Merida Travel Guide

Mérida is the largest city on the Yucatán Peninsula and the capital of Yucatán state – its cultural and business hub, and an international gateway to the archeological and natural beauty of the Mundo Maya. While travelers to the peninsula have been focusing on the glitter of Cancún or the restored brilliance of Chichén Itzá, Mérida has been creatively positioning itself as a premier vacation destination.

At its heart and under it streets, Mérida is first a Mayan city. It is built on the ruins of the ancient town of T'ho, also known as Ichcaanzihó, the "city of the five hills," for the five pyramids that once dominated what is now Mérida's Main Square. Above this Mayan base, Spanish colonists placed their most important edifices and plotted a street grid aligned with the north, south, east and west directions that were also so important to Mayan astronomers. The founders called their new town Mérida, after the Spanish city, because T'ho's impressive buildings reminded the newcomers of the Roman architecture for which the first Mérida is still famous.

Mérida is nicknamed "The White City," which might refer to formerly white-painted buildings or the city's cleanliness. As you walk the narrow streets, you will pass decaying colonial homes but many are newly restored and brightly painted now, housing hotels, shops and restaurants.

Mérida is located in the northwest corner of Yucatán state, 36 km (22 miles) from Progreso's Gulf of Mexico beaches, where Méridanos head to on weekends to escape the city's heat. It's a flat, straight shot, passing by abandoned henequén fields, the crop that fueled Mérida's 19th century economic boom. The world's rope was made from Yucatán's henequen, also known as sisal, until nylon came along and the "green gold" market collapsed. But, before it did, Mérida's millionaires built lavish mansions along the Paseo de Montejo, the Parisian-style boulevard that heads north from the Historic Center.

Culturally speaking, Mérida is one of Mexico's most sophisticated cities, presenting Mayan and European performance and visual art, handicrafts, and cuisine. The cultures often fuse and create experiences that are uniquely Mérida. Shopaholics can choose from bartering in public markets or slipping into finely woven linen fashions. Foodies can chow down on tacos from street vendors or sample tapas spiced with the region's reddish seasoning paste, called recado rojo. Visitors also drive out of town and climb 1,500 year-old pyramids, kayak coastal waters, or lounge poolside at 17th century haciendas.

Today, Mérida is a modern city, boasting professional soccer, baseball and basketball teams and 18 institutes of higher learning. American-style shopping malls abound, and Mérida's excellent hospitals now attract tourists on a new kind of trip: the medical vacation, with cosmetic surgery and dental care available at a fraction of North American and European prices.

Three Spanish conquistadors named Francisco de Montejo – El Adelante, The Son and The Nephew – thought that they had destroyed the Maya. Fortunately, for all of us who visit Mérida today the Montejos only began the fusion of two strong, luminous cultures that has made Mérida one of North America's most fascinating cities. @font-face { font-family: "Cambria"; }p.MsoNormal, li.MsoNormal, div.MsoNormal { margin: 0in 0in 10pt; font-size: 12pt; font-family: "Times New Roman"; }div.Section1 { page: Section1; }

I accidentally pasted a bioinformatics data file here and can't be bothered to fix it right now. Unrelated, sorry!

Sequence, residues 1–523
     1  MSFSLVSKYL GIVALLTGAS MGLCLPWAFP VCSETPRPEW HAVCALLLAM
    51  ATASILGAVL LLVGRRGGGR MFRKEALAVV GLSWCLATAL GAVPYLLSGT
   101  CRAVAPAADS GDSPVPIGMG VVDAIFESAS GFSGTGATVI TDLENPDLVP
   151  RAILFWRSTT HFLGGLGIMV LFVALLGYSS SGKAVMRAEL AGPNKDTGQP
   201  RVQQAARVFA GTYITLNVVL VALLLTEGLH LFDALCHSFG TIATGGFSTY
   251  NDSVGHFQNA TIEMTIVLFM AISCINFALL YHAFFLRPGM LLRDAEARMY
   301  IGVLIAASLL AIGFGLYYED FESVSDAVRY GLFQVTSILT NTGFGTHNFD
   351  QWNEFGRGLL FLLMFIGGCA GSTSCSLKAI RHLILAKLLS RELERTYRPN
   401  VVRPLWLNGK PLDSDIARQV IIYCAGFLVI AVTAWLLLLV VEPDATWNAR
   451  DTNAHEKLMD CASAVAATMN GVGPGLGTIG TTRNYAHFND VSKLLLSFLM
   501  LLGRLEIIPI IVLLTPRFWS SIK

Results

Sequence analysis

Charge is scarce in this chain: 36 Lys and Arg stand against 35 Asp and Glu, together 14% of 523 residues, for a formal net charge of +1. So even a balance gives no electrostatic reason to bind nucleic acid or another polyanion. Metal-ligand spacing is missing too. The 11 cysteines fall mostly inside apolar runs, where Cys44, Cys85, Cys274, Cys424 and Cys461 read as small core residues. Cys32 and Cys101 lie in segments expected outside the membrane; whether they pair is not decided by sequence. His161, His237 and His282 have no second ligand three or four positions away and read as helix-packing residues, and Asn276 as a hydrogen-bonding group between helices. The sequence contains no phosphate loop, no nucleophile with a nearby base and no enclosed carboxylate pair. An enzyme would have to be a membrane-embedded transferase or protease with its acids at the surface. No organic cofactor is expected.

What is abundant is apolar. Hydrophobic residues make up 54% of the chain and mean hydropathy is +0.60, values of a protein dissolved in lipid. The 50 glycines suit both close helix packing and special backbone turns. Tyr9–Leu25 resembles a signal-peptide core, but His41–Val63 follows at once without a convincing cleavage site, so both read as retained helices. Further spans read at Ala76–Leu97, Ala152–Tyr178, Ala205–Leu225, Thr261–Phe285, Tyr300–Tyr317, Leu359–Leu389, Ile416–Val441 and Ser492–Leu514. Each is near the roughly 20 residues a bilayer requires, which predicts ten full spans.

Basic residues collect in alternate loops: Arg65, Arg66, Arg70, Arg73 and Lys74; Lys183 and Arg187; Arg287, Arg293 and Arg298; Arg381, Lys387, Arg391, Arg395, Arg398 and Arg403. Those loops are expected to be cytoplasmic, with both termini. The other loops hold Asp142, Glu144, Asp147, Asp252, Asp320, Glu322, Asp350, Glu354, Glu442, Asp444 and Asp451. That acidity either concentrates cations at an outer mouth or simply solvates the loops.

Where to Go in Merida

TOP PICKS BY OUR LOCAL EXPERTS

Rosas and Xocolate

expert pick

Paseo de Montejo No. 480, at Calle 41

Hotel Rosas & Xocolate is the only hotel in Merida, Yucatan that is a member of Design Hotels, a worldwide network of the finest contemporary boutique hotels.

Ciudad Industrial

Calle 17 No. 315 X 14 y 20

The Ciudad Industrial-- Out of the Yucatan and into the future.

Hennessy's Irish Pub

expert pick

Paseo de Montejo at Calle 41

Hennessy's Irish Pub offers traditional Dublin pub atmosphere combined with fine dining in a renovated Mexican mansion on Merida's Paseo de Montejo, the beautiful avenue that leads from the Yucatan city's Historic Center to the Gulf of Mexico.

St. Patrick's Bar

Calle 32 #55 at Calle 57, Colonia San Antonio Cucul

Choose from over 40 beers at Merida's St. Patrick's Bar, an Irish pub with a devoted following in Yucatan's capital city.

Merida Blog Posts

UPDATES FROM OUR TRAVEL TEAM

"B'ix a bèel?" From Maya to Spanish to English: Learning a foreign language in a DIFFERENT foreign language
B'ix a bèel? Ma'alob', utz tèech? B'ey xan tèen. **** Sounds Greek to me, the old saying goes. But, to almost one million people on the Yucatán Peninsula this conversation sounds normal – it’s Yucatec Maya, the indigenous language they speak at home. How are you? Good, and you? Same... Read more

Best Things to Do in Mérida This Week – Swan Lake and Tosca (March 28 – April 2, 2011)
Music and dance performances top my list of fun stuff to do this week when visiting Mérida. Folk, Big Band, classical, and opera music will all be heard streaming from concert halls and public spaces nightly.  Read more

Romance on the Road: Driving the Hacienda Route near Mérida
Yucatán’s long and storied history of economic boom and bust cycles is nowhere more apparent than in the haciendas that dot the back roads near Mérida in southeastern Mexico. Built in the century following the overthrow of the Maya in the 1540s or in the 19th century, the haciendas – former plantations... Read more


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